Community Business

Although it is heartening to note the growing worldwide interest in building sustainable communities for the future, it is at the same time disconcerting that so many of these community visions provide no place for the potential role of business within their working structure.

Community Visions

Instead, a rather predicable and in my opinion limited model seems to have been widely adopted.  Its main characteristics are:  food-growing self sufficiency (e.g. permaculture); environmental conservation (e.g. renewable energy); volunteer work (e.g. kibbutz-type arrangements); education services (e.g. conferences and work-shops); accommodation services (e.g. retreats and get-away weekends); and the sale of locally-made arts and crafts.

This largely self-enclosed, subsistence type of approach, with its distinct lack of any facilitation of business initiatives other than the most basic kinds, seems to me to fall substantially short of anything which may be considered a large-scale, viable lifestyle alternative for the future.  This is because business, in one guise or another, forms a completely natural, necessary and valuable part and expression of any developed society.  (This is not, take note, the same as saying that business as it is currently organised and practised is ideal, or that it should not be modified to better serve the needs of both individuals and society as a whole).

What shapes and forms might business take if it were to be integrated into the community vision, with its implicit goal of creating a more sustainable, co-operative, meaning-filled future society?

Before doing so, however, it would be just as well to look at why business has been largely excluded from this vision in the first place.  Part of the reason has to do with some ‘community seekers’ simply failing to appreciate fully the basic functions which business serves in a society.  But I would suggest that there is a more covert and accurate explanation which goes something like this:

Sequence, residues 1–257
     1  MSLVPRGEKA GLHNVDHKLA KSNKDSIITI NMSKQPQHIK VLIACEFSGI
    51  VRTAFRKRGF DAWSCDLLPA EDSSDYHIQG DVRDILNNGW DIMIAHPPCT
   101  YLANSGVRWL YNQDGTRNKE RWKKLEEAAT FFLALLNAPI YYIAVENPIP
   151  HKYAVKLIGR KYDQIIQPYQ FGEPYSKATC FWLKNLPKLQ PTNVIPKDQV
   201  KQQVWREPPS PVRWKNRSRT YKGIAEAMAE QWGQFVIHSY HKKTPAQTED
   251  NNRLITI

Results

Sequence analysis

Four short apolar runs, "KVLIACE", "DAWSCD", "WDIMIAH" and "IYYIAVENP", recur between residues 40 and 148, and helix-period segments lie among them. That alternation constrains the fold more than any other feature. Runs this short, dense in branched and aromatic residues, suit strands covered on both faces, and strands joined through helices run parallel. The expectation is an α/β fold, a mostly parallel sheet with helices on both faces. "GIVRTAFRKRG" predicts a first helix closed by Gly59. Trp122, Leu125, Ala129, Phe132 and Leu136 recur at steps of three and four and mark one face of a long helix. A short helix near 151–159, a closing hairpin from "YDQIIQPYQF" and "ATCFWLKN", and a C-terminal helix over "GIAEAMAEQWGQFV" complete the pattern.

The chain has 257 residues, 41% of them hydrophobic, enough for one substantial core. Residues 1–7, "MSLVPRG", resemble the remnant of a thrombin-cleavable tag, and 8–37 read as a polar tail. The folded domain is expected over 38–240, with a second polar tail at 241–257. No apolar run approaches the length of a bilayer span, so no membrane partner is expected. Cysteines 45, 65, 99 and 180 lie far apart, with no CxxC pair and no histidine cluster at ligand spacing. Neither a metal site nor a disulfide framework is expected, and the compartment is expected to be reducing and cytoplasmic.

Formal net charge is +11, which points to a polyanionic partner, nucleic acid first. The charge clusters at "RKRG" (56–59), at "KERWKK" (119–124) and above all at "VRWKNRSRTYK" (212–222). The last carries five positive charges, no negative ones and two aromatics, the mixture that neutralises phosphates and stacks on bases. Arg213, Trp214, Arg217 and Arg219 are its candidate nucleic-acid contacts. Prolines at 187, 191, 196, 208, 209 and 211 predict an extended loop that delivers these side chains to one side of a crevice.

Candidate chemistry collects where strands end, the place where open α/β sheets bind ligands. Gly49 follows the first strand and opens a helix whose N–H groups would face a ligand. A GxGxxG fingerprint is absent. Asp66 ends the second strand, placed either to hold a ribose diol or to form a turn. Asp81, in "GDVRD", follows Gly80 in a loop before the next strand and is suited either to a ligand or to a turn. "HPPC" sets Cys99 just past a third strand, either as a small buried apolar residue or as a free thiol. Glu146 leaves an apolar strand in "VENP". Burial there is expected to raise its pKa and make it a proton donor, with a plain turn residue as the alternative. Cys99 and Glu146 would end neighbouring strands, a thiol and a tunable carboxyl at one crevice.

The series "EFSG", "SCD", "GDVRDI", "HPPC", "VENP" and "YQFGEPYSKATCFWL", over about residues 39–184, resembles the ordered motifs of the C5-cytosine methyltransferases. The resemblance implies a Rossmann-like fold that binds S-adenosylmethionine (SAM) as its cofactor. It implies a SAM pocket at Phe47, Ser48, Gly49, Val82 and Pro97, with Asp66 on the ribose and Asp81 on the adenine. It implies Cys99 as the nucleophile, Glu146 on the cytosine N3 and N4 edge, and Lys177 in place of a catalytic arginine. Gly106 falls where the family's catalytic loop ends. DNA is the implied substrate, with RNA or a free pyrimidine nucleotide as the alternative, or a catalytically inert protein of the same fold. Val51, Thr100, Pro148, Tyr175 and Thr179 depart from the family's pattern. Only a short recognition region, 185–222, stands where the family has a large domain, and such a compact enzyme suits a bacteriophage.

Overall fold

Many of the things associated with modern-day business are precisely those things which community seekers are trying so hard to get away from:  greed, dishonesty, stress, lack of meaning in their work, competition, money problems, power struggles, win-lose situations, and generally unwholesome living, to mention but a few.  Hence, they remain fearful and suspicious of business and also sceptical about its desirability in any new system of living.

And, considered from the other side, most business people are too busy pursuing success in the old-fashioned profit-seeking way to be aware of, or concerned about, community initiatives.  Others, who may be more aware, are yet to be convinced that there can be any viable alternatives to existing ways of organising and conducting business.  So they either opt out of business completely, or remain within its traditional structures while introducing some positive changes inside the existing context.

But what about a full transformation of business?  A new community business concept?  If this were to materialise, what might the ‘new face’ (and body) of business look like?

Partial answers to these questions can be found among stories of experiments in community business which already exist.  Let’s look at two such stories, although there are many more to tell.


The first is an experiment taking place in Mondragon, a small town in the mountainous region of north-eastern Spain.  Here, based on the teachings and initiatives of a Roman Catholic priest who taught the application of the gospel to business and the economy, one electric stove manufacturer with five employees established in 1955 has grown into a complex of companies with annual sales in excess of $2.5 billion, all of which actively pursue a philosophy of local community development.  The Mondragon Complex, with companies as diverse as a community bank (with assets of $3 billion), various technical production companies, a retail chain (with 264 outlets and annual sales of over $350 million) and an export company, is outstanding empirical proof that local, community-oriented people can launch businesses which are both large and internationally successful.

New Findhorn Directions

The other experiment is that of the emerging community business culture at the well-known Findhorn Community is northern Scotland.  This began with the establishment of New Findhorn Directions (NFD) in 1979, a legal entity designed to serve as a framework in which private enterprise initiatives could emerge without violating the charitable status of the Findhorn Foundation itself.  Subsequently, many promising business ventures have been initiated, though not all have succeeded; nor have they all chosen to function under the umbrella of NFD.  Those currently in operation include the Wood Studio, Bay Area Graphics, Findhorn Bay Apothecary, Weatherwise Solar and Alternative Data.  The unique characteristics of these companies are that they are all trying to demonstrate their broader community philosophy of ‘spiritual management’ and ‘work as love in action’.

These two examples serve to illustrate that success stories in alternative ways of doing business do exist.  The details of exactly how they are different, however, still needs more thorough exploration.

Principles of Community Business